Mackeydoodle, that wicked Canadian, has tagged me. I am not very obedient when it comes to tags. I thought I'd try to appease by at least answering the first question:
What were you doing ten years ago?
Ten years ago, I was working in a hospital. It was my second year of work, but I was still very nervous about my job (heck, I'm still nervous NOW!). It didn't seem quite right that I should be doctoring, because that was supposed to be for wise, confident, knowledgeable people who strode about proclaiming The Diagnosis and ordering The Treatment. I felt like an impostor, fearing discovery at every turn.
Early in the year, I was rotated into a job on the paediatric orthopaedic ward (that's kids bones, for anyone scratching their heads). This job was pretty easy - I just had to check the kids over prior to surgery, hold up various little people limbs during surgery, then make sure the children recovered safely afterwards. I settled into the job with relief. There was nothing too tricky, and the hours were good, too.
Often in the mornings, I would come across a serious, messy-haired man who was the anaesthetic registar (ie training in anaesthetics). I thought he was cute, but reserved - the brooding type. And perhaps because he was just that teensy bit cool towards me - why is this so true of many women?! - I found him terribly intriguing. I figured he probably had a long-term girlfriend anyway. Ah, what a shame, I mused.
Then one day I found myself holding a leg in the air in the operating theatre (yes, all those long years of medical school had taught me special leg-elevating skills), whilst shaggy-hair-man kept the small patient asleep at the head of the table. The two training-to-be orthopaedic surgeons doing the actual operating were going on with their usual macho b***s***. I really found it hard to maintain basic politeness towards these archaic cave-dwelling creatures. It was nothing for them to comment on my appearance, remark that I should be getting married soon, or send me to do any tedious non-medical job that they preferred not to do for themselves.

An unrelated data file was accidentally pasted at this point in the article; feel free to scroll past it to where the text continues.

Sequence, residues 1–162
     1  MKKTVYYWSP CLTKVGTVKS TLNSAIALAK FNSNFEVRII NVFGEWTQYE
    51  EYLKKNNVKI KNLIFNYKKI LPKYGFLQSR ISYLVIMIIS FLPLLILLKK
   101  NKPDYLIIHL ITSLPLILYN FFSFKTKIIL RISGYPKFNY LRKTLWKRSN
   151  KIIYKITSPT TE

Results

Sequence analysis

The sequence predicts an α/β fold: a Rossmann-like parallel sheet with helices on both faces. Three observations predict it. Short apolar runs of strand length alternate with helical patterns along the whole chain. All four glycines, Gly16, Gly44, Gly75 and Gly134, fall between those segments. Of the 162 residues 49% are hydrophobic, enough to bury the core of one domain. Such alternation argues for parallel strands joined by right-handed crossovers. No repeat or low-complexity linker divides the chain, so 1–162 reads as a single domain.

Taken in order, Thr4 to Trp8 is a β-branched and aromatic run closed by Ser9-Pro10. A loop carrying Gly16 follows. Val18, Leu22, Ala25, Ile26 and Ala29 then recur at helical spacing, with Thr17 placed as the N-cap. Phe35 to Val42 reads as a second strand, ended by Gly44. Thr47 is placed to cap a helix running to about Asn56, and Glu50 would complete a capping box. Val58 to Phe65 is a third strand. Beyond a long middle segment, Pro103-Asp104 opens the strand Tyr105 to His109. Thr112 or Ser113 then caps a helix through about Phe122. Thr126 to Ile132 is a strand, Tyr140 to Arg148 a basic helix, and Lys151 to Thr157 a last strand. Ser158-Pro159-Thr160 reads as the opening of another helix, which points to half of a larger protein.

I was getting tired of keeping quiet and listening to their crap. So this particular day, I started countering everything they were saying. When they started ribbing me about how I'd soon be wanting to find a husband, have babies and stay home, I countered by retorting that I had no intention of marrying unless someone truly spectacular came along. If for some reason I did choose to procreate, I rambled, I expected to continue to work, and my husband could stay home with the kids. They laughed and went on with their blokey hammering and nailing. Turns out they were quite right to laugh, but let's just gloss right over that, please.
Suddenly the messy-haired man spoke. He said he'd been reading in his textbook about how women's bodies had much higher percentages of fat. Therefore, he concluded, women's brains must, compared to men's, be full of fat.
I was appalled. I thought this guy may be cute, but he's a jerk and a male chauvinist. In fact, this was my dear Fatty (as you've probably guessed), trying to get my attention by provoking me. It was similar to when you're a schoolboy, and you pull the pigtail of the girl you like, I suppose. You can most likely deduce that I soon figured out Fatty was actually not such a jerk. I also came to realise that Fatty's reserved manner was more to do with shyness than arrogance. So when he asked me out one day, I was buzzing with excitement. I had a feeling that this was the start of something huge. Even as a romantic, hormonal teenager, I had never felt so energised. A voice inside my head was telling me - this could be The One. As it turns out, he was; he is.
To summarise - ten years ago I was tentatively bumbling my way through my job, verbally defending myself against sexist pig registars, and falling head over heels for a man with hair that was perpetually in need of a cut.
I think that about sums it up.